The new IETF activity aimed at supporting enterprise multi-homing of their Internet connections may be taking a step in a much more valuable direction in the long run. The Locator/Identifier Separation Protocol or LISP is a means of breaking the current link between identifying a user and identifying the user’s location.
LISP effectively provides a kind of hierarchical routing where the primary encapsulation of a packet gets it to the correct network, and from that network it’s then routed to the correct user address on that network. A user, under LISP, would be known by a global “address” independent of the network address, and one that wouldn’t even change if the user changed ISPs.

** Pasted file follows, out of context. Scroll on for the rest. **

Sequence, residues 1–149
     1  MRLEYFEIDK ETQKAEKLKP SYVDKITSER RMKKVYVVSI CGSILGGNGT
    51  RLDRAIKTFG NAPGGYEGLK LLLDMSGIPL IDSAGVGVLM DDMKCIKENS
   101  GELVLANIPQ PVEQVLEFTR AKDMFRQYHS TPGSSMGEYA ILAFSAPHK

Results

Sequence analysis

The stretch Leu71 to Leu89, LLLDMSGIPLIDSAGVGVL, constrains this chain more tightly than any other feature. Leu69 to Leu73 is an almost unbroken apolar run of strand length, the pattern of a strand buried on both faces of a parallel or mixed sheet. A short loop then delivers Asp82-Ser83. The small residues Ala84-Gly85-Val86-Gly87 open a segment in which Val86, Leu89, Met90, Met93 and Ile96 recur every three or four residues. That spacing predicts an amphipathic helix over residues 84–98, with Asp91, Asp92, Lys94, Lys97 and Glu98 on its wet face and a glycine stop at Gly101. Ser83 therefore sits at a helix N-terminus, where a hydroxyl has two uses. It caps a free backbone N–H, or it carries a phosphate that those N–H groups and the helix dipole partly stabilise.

We believe this could have a profound impact on the way the Internet works and could make IP a more suitable protocol for “infrastructure” services, as well as making its operation less costly. However, it’s clear that there is a lot of opposition to LISP, even in the IETF, and so it’s not at all clear how soon it might be deployed beyond experiments.